This evening I spent the last 3 hours scouring over the past 45 years of Academy Award winners. The reason I didn't go further back is because I wanted to know what and who has won since I've been alive. I wanted to see if I agreed with the Academy's choices based on what I know of the movies and actors or actresses. I got very passionate about some of my opinions and decided to write a series of articles expressing those opinions, this one being the first of that series.
I was born in '71, so the focus for this first article of the series will be on the Oscars in the 70s. I want to start with the 49th Academy Awards which had the film Rocky winning both Best Picture and Best Director. I doubt that Sylvester Stallone had any complaints about those wins, but I believe there was a slight mistake in not also awarding Stallone with the Best Actor. Some people disagree with me when I say this, saying that Stallone was basically playing himself. Perhaps, but Rocky's character (whether it's Stallone or not) became such an iconic figure in our culture. Not to give the actor who brought him to life an Oscar for that seems off in my opinion.
Next, I want to talk about the actors in The Deerhunter. While Christopher Walken took home the award for Supporting Actor for his role as Nick, Robert Dinero lost to Jon Voight in Coming Home—I see this as an injustice. I have never seen Coming Home and perhaps that doesn't qualify me to have an opinion on the matter. However, even though I was only 5 years old when The Deerhunter was released, I watched it as an adult several times and thought it was magnificent. I just can't grasp that the Academy could award Walken and disregard Dinero. That had to be confusing to Dinero, his fans, and the fans of the film. I suppose I could look up a way to watch Coming Home so I can compare performances, but I'm so not interested in doing that because I've never heard a peep about Jon Voight or Coming Home. The Deerhunter is still talked about and relevant and Dinero's performance as Mike should not have been ignored.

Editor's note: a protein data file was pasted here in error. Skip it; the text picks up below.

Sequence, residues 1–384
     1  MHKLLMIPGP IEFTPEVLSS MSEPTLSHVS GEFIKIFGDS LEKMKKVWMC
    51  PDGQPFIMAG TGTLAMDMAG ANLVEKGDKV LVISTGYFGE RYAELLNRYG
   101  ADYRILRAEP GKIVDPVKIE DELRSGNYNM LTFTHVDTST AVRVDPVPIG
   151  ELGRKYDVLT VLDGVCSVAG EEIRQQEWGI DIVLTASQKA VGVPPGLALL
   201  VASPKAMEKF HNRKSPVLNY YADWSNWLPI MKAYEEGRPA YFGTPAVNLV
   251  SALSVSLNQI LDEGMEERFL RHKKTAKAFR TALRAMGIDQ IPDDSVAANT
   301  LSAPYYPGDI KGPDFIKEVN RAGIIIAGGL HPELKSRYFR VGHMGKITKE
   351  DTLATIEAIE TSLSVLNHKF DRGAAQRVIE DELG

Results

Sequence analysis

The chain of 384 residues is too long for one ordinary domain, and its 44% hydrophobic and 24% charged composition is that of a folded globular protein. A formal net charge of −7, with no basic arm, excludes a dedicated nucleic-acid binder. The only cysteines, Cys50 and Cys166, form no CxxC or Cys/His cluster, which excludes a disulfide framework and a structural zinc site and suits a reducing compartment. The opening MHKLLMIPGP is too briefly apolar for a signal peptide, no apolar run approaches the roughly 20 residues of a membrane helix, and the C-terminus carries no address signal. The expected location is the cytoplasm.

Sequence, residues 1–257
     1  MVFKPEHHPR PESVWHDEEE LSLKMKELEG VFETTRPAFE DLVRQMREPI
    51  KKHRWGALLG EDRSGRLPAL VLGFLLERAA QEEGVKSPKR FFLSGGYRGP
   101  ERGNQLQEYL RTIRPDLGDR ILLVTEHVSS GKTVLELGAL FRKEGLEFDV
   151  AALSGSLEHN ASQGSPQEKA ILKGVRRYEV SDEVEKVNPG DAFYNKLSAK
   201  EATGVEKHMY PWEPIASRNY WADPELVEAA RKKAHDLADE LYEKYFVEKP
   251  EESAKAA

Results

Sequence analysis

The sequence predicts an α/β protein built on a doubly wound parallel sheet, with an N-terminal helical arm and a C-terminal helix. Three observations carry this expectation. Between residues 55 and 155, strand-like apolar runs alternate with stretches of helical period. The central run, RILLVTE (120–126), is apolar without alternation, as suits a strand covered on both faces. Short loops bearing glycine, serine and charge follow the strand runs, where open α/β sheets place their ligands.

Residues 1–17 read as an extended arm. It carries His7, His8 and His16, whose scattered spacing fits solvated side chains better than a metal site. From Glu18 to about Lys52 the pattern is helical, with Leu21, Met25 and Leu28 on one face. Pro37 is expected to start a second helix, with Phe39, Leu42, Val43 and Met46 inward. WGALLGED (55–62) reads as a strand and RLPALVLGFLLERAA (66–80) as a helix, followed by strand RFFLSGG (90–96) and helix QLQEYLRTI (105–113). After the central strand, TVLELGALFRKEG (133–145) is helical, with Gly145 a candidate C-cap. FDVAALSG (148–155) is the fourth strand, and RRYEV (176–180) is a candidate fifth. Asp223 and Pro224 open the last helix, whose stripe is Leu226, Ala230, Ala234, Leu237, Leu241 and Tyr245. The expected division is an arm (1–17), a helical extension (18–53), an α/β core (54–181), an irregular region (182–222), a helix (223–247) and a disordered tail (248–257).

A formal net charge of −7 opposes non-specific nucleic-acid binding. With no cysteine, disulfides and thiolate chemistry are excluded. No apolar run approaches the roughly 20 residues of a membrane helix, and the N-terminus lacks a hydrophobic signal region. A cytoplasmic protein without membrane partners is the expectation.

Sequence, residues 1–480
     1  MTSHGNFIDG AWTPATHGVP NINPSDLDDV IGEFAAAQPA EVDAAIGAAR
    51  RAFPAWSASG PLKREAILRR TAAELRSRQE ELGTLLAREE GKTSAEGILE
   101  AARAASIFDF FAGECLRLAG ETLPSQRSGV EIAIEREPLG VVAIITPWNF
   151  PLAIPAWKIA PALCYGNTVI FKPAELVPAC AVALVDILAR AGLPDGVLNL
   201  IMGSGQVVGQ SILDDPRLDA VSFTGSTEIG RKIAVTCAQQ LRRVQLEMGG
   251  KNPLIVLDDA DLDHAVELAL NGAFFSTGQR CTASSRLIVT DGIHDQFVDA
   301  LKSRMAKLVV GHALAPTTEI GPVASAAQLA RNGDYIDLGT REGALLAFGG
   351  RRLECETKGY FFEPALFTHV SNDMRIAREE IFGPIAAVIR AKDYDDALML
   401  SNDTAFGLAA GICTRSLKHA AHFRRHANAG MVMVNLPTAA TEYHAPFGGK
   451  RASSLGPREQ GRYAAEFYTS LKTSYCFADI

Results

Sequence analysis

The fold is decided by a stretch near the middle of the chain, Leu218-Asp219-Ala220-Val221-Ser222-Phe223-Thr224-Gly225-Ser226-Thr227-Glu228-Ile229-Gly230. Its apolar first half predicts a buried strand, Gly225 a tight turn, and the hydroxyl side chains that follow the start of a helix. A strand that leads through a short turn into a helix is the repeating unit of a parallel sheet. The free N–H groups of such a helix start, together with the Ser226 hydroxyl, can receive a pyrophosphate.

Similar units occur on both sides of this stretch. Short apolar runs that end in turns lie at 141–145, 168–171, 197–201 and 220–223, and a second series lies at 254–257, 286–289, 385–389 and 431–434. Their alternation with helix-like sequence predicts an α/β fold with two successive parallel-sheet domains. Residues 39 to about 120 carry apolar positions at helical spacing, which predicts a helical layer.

Finally, we get to the films of 1979 and the Oscar for Best Picture goes to Kramer Versus Kramer. I remember the film and actually saw it in the theater with my mother. It was very dramatic and I completely agree that Dustin Hoffman deserved his Oscar for Best Actor. What I'm struggling to comprehend is how a dramatic movie about divorce beat the film Apocalypse Now based on the literary classic Heart of Darkness by Joseph Conrad. Apocalypse Now, directed by Frances Ford Coppola, is a masterpiece and is now considered one of the greatest films ever made. It is still watched and discussed by both literary and film students. I would imagine that the Academy has to look back at this faux pas with some embarrassment. My suggestion is to watch both of these films. Watch Kramer Versus Kramer to see the depth of emotion and passion that Hoffman gave to his character, even though the movie will look and feel outdated, and watch Apocalypse Now to understand why it is surviving the test of time as a classic. I believe that if you have seen both movies you would agree with me that the Best Actor was indeed Hoffman, but the Best Picture should have gone to Apocalypse Now. It is high praise for sure to say that Hoffman wins because all of the actors in the incredible cast for Apocalypse Now were also giving riveting performances. The movies were very different, but both very impressionable.
There were a lot more movies and a lot more Oscars awarded during the decade of the 70s. I don't have an opinion on most of them because I was so young and my tastes as a child are different than my tastes as an adult. I will say that there were movies I saw back then that definitely had an impact on me such as The Exorcist, Jaws, Amityville Horror, and various animated classics by Disney. These films were recognized by the Academy and I'm in agreement with them for that recognition. I think that adding some categories such as "Best Horror" and "Best Action" and "Best Ensemble Cast" would help the Academy when making decisions, especially between movies of such different genres. I will discuss that idea further in my series of articles to come.